In 1986, Barbara Gaines, one of the city's leading actresses, put together a company of performers and put on "Henry V" in the patio at the Red Lion Pub on Lincoln Avenue. "We only had two weekends to invite people we hoped would be potential supporters," she says of her dream to turn the venture into a year-round Chicago company devoted to the works of William Shakespeare. "We couldn't afford a rain cancellation. Not one. So we prayed for no rain.
"And one night, it rained everywhere else, on top of the nearby Biograph Theatre, across the street and on all the buildings around us," she says. "But never on our courtyard, and I thought at the time, Shakespeare must be holding an umbrella over us."Maybe he still is."
Chicago Shakespeare Theater at Navy Pier, which opens this week with "Antony and Cleopatra."
"Never in my wildest dreams did I envision this," says Gaines, artistic director of the Chicago Shakespeare Theater troupe, formerly called Shakespeare Repertory. "It's rare that a city thinks enough of the arts and Shakespeare to build them a theater."
Rare indeed: This is the first indoor theater built expressly for Shakespearean works in Chicago and one of the few in the U.S. The seven-story, 75,000-square-foot building boasts two theaters (a 525-seat mainstage arena and a 175-seat studio space), its own English pub, dressing rooms, fly space and a glass lobby, whose seven levels jut out over the Navy Pier promenade below. A 60-foot marquee, lit by more than 600 bulbs and engineered with fiber optics that give it an assortment of special effects, alerts visitors to the theater, which is east of the Skyline Stage and near the Ferris wheel.
"We wanted something that glittered like a jewel," architect Rick Fawell, of VOA Associates, says of the lobby. "I did a thesis in college in which I designed a theater inside out, and that was sort of the idea here. We created a space where the patrons themselves are on a stage, on view to the passers-by below."
Fawell's design isn't a flat glass wall but an assortment of prisms that vary the facade and allow patrons to stand in the lobby almost literally overlooking the promenade. It also affords a magnificent view of the city's skyline. "I tell people, if you don't like the production, at least you'll love the view from the lobby," Gaines jokes.
But, of course, the main focus will be on the theater, and here Gaines and executive director Criss Henderson say their input resulted in the theater of their dreams. They wanted to re-create the courtyard feel of theaters of Shakespeare's time. But they also wanted an indoor theater and they wanted to keep some of the stage design of the Ruth Page Auditorium, where the troupe performed since 1987.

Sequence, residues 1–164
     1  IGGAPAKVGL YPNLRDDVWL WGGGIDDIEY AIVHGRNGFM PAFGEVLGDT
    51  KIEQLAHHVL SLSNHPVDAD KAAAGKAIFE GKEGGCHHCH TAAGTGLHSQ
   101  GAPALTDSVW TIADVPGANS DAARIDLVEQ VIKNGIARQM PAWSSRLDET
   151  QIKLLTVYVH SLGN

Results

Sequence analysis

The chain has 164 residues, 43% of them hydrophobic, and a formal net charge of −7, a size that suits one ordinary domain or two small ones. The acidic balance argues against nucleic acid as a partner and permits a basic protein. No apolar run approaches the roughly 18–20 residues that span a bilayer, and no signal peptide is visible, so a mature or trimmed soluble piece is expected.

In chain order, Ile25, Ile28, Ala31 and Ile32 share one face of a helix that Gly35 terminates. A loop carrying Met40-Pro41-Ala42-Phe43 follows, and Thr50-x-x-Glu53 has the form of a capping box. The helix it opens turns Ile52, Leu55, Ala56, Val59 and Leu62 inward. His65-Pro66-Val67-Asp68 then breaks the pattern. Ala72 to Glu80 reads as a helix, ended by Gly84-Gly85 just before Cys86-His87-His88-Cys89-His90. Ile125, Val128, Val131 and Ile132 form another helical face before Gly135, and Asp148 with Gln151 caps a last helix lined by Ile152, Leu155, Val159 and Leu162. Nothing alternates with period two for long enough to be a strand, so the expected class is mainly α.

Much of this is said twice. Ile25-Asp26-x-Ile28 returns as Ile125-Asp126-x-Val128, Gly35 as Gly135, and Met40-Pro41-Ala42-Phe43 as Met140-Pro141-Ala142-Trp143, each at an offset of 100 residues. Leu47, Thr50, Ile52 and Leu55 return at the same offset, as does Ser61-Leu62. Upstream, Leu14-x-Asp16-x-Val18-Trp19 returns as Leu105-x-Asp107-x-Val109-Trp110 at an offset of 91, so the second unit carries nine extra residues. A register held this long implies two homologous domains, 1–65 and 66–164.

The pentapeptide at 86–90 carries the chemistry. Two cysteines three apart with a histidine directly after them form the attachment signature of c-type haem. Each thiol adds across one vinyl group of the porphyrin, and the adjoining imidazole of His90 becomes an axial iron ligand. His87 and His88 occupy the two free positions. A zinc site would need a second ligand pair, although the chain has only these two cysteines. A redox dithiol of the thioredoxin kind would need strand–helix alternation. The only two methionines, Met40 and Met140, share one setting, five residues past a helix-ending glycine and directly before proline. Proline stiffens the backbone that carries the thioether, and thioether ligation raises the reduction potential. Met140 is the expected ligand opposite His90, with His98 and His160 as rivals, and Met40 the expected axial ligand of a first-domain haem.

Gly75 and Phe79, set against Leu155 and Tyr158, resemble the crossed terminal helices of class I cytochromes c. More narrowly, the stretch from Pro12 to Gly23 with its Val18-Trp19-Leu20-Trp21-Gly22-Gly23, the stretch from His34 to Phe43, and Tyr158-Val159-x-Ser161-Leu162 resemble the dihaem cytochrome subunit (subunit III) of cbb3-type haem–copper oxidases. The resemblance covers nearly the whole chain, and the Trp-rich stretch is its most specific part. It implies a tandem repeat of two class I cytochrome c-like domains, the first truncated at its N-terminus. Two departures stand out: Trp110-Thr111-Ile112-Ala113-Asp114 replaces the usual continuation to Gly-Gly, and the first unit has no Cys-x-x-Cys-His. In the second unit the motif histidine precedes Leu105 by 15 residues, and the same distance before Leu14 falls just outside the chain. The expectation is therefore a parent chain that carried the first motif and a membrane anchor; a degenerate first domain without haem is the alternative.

"It had to be a thrust stage (which juts out into the audience as a platform) with a proscenium," Gaines says. It's an unusual combination that was also used at the Ruth Page.
Why that design? "I think the thrust is inviting for audiences. They don't feel they're observing so much as participating. Someone said, when standing on our stage, it's as if you could reach out and touch the audience."
The proscenium behind the thrust, meanwhile, allows for the best of both worlds. Gaines says: "The proscenium gives you depth and allows for some great joy or drama. ... But most of the time, the audience is near the action."
For inspiration, the architects turned to the Swan, a theater constructed within an old building for the Royal Shakespeare Company in Stratford-on-Avon. "We went to many theaters, including the Globe," the recently built new home for Shakespeare in London, Fawell says. "The Swan is probably the closest."
But this theater is one of a kind, inspired in many ways by one of Shakespeare's favorite topics: nature. Forest green chairs cover the main-floor seating area, and the three levels of curved balconies are constructed of honey-colored ash wood. Textured Ohio sandstone in the rear walls adds another pastel shade (and enhanced acoustics), while the ceiling far away is painted midnight blue and dotted by Italian lights-the next best thing to a real nighttime courtyard sky, says Gaines.
The troupe's first outing, "Antony and Cleopatra," is directed by Gaines. "R&J," a contemporary drama about a group of male students who put on Shakespeare's "Romeo and Juliet," will open in late November in the studio.
Is Navy Pier ready for the Bard?
"We talked about this for nine years, and I kept saying no at first," says Gaines. "I couldn't have been more wrong. This is the most spectacular location for any theater."
"A high percentage of tourists visit Navy Pier," says Henderson. "They'll go home with the knowledge that Shakespeare is a large part of Chicago. What better message to send to the world?"
The new theater's stage is unique in that it combines two familiar forms: the thrust stage, in which the stage juts out into the audience as a platform, and the more traditional proscenium.
ARTS & ENTERTAINMENT